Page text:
Leaf Fall

On the way home today I noticed a lot of brown things on the road that once were green things and stuck to trees. It seems the wind is stronger than a flatulant on beans today!

Anyway, seeing these means it’ll soon be the time of the year that train drivers hate and the public like to take the piss so I’ll explain a few things to hopefully clear a few misunderstandings in people who really don’t know what happens.

Why are leaves on the line so bad? Well it’s not the leaves as such but the first train to run over the leaves puts a bit of weight on them and crushes them to a pulp. A very slippery oily pulp at that. Now the next train that comes along and needs to brake or accelerate over this pulp finds that all contact between the metal wheels and metal rails is broken and almost frictionless, and there’s only one way to go.

If this happens while accelerating the the train just doesn’t move, unless it’s on a hill, but if it’s braking then it won’t stop, or even slow down. Now imagine there’s a station ahead or, worse, a red light protecting a junction where another train is crossing.

Now some might ask “Why is it this bad?” or “Why can’t they spend some money trying to avoid this?” Well the simple answer is: they do! Millions every year go into preventitive measures like cutting back the trees, research and development of new methods of cleaning the lines and actual cleaning of the lines during the leaf fall period itself, but remember those cleaning trains have to go along the lines between service trains and at much lower speeds to be effective. Also, mankind can’t actually win against nature, we can only do our best to keep it at bay. It’s constantly working against us in this matter but we can only struggle to keep up. We’re getting better but it’s a hard and expensive battle.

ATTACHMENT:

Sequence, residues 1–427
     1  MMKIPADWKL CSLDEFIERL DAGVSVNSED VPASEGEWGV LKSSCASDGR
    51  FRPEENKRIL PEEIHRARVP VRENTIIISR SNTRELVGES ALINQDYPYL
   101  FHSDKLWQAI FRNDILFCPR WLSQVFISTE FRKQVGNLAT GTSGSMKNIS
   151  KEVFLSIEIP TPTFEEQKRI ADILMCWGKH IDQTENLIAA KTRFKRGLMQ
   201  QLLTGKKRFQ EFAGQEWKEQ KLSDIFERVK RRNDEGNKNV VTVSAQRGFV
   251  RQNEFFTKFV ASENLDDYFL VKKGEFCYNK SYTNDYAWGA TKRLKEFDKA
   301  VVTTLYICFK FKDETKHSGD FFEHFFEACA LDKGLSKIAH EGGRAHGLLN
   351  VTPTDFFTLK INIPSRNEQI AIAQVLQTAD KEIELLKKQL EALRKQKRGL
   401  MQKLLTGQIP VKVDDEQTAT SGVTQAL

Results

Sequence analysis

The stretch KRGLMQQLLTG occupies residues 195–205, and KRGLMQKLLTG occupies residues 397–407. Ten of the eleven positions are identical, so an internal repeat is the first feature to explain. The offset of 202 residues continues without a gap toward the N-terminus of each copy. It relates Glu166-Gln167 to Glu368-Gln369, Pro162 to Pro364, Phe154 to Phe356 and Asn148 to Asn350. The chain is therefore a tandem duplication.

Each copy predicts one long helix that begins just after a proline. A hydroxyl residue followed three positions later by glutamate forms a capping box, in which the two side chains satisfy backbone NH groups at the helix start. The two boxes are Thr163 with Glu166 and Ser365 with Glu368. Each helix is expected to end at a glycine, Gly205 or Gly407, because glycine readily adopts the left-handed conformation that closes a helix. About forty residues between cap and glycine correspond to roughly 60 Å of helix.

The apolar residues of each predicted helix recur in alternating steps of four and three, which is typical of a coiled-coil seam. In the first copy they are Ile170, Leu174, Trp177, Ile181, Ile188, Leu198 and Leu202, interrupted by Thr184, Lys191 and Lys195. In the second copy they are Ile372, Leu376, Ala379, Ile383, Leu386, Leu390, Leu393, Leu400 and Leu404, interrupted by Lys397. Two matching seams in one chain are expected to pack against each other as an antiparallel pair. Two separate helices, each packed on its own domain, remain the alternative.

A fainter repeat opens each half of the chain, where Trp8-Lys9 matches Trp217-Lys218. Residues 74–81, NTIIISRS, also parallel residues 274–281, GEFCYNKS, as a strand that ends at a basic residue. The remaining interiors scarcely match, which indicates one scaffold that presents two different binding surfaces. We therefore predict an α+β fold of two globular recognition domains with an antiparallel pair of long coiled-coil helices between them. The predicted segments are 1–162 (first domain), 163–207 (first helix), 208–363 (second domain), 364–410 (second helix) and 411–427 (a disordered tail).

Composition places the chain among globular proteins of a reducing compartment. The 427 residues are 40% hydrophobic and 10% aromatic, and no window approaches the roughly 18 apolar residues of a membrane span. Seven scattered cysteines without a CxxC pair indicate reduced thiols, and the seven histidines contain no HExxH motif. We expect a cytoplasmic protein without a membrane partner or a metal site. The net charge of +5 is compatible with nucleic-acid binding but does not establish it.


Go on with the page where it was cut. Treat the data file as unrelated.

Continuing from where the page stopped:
In the end, a lot also comes down to the skill of the driver. Recognising hazardous regions and adjusting driving techique by way of earlier, lighter braking (amongst other advanced methods) and more gentle acceleration. Some trains are fitted with sanders, which help but aren’t totally effective so it’s still down to driver skill. This inevitably means delays, of course, but since when was that a new thing? 😉

I hope this has gone some way to explain the problems we face. It probably won’t stop you taking the piss but at least you’ll know what you’re taking the piss out of in future 😉

About Ponder

I'm a train driver from Cardiff, have been married a long time and have 4 wonderful kids... all grown up now! Warning: I tend to lose The Game a lot.
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1 Response to Leaf Fall

  1. Shell says:

    I always did wonder what the perfectic excuse was for leaves on the line. Ok, so may be it’s not so perfetic 🙂

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